tree help

Cheryl here in Southern NH, still recovering from "Snowtober"
Lost 4 of my poplars - three snapped in half. Should have cut the other on down after hurricane Irene. Knew that one was on borrowed time....
but as to the snapped trees. Each one was about halfway up - between 15-18 feet up. I think the of the two that face the house, one has to come down the rest of the way. There are no branches below the snap.
It's the other two that I have a question about - both have some branches left. do you think they'll recover enough to continue to provide shelter for local wildlife (birds, squirrels).
If it wasn't so ugly and depressing, I'd consider leaving the other to see it would become woodpecker food. But I want a "pretty" view out the front of the house.
Cheryl
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On 11/5/11 3:41 AM, Cheryl Isaak wrote:

All species in the genus Populus are fast-growing. They should recover nicely, but they might require corrective pruning after recovery. Even the one that has no branches should resprout. Just leave all of them alone until spring. Pruning now will encourage new growth that will be too tender to survive the winter.
Just watch out for root suckers, which are likely to result from damage to the top. If you don't remove them promptly, you will have a poplar thicket.
--
David E. Ross
Climate: California Mediterranean, see
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On Sat, 05 Nov 2011 06:37:16 -0800, "David E. Ross"

I don't consider poplars real trees, they are horrid giant weeds with no redeeming value whatsoever, they're for pinheads who are into quantity at the expense of quality... fortunately poplars don't live long. My recommedation is to remove that trash and plant something decent.
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I'm guessing you have Lombardy poplars, the tall, skinny jobs? They're not very long lived anyhow, and are probably close to the end of their lifespan. Actually, most of the poplars have very short lifespans and usually brittle wood.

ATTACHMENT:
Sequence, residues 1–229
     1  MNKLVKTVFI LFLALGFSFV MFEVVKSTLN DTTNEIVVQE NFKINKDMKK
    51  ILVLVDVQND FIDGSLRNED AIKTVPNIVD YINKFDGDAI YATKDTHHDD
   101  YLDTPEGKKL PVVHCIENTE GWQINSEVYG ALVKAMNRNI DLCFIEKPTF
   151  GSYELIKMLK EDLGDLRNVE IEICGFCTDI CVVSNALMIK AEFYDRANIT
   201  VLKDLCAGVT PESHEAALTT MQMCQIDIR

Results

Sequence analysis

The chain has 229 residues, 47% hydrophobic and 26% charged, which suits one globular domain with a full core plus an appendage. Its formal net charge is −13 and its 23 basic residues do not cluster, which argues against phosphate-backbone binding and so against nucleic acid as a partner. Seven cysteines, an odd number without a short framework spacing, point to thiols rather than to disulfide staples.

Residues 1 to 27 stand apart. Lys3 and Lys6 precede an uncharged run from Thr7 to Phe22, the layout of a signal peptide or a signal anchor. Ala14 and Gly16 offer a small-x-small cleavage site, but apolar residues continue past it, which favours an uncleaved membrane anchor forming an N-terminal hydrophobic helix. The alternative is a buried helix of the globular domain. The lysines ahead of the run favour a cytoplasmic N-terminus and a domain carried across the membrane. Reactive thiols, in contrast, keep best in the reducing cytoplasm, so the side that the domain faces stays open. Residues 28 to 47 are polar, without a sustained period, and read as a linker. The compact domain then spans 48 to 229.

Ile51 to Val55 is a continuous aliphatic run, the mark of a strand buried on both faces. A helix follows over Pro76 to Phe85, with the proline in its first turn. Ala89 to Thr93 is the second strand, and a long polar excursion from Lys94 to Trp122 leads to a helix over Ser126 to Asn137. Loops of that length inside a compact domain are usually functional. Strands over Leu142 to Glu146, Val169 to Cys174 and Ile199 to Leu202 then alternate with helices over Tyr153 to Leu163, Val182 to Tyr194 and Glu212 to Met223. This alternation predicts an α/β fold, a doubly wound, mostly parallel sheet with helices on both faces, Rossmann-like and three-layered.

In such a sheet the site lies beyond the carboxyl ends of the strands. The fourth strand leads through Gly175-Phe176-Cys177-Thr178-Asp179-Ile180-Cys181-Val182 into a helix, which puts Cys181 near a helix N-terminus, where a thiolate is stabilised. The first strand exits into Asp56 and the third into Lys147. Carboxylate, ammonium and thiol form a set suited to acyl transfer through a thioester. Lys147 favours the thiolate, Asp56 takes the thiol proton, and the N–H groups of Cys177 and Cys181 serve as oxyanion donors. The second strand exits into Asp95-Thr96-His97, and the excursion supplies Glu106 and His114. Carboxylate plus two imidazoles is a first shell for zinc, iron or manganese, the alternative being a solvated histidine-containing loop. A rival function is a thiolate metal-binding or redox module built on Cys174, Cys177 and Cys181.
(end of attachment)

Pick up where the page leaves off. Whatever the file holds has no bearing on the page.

Consider leaving the two remaining ones for a couple of years while you replant the area with longer lived species. Then when the new trees have gotten established, take down the poplars.
Depending on where you are in NH and the ground temperature, it might be possible (and perhaps even advisable) to get the new trees in ASAP, like within the next week. I'm on the other coast and about that far north, and I'd still plant out here but that wouldn't be an option in higher altitudes.
You might also consider some big, fast-growing shrubs for quick color and form in your front yard, with the plan of taking those out when the new trees get bigger.
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I'd take those down now, get rid of those trash trees to make room for real trees. I've seen too many people waste ten growing years attempting to grow a privacy screen of those cheapskate trees, they're cheap but utterly useless... they can't screen because they're deciduous, they never grow very thick anyway so they don't offer much screening in summer either. And lombardy poplar wins hands down for the uglist plant on the planet.

Now that I know it's NH, as long as there isn't a problem with deer munching, the perfect screening tree is Canadian Hemlock. And one can definitely plant them in NH now, they can even be planted in frozen ground if one can auger through, back fill, and mulch heavily... for total privacy, if one has the space, plant a double staggered row... find at least five year old specimens from a local nursery, seedlings are too iffy and take too long to look like a tree. http://www.arhomeandgarden.org/plantoftheweek/articles/hemlock_canadian_1-18-08.htm http://www.arborday.org/treeguide/treeDetail.cfm?id 2
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She does know what she is talkin' about.
--
- Billy

E pluribus unum
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On 11/5/11 5:42 PM, Kay Lancaster wrote:

I'm honestly not sure what kind of popular they - they were growing wild here when I built the house and do provide shelter for the birds in their crowns.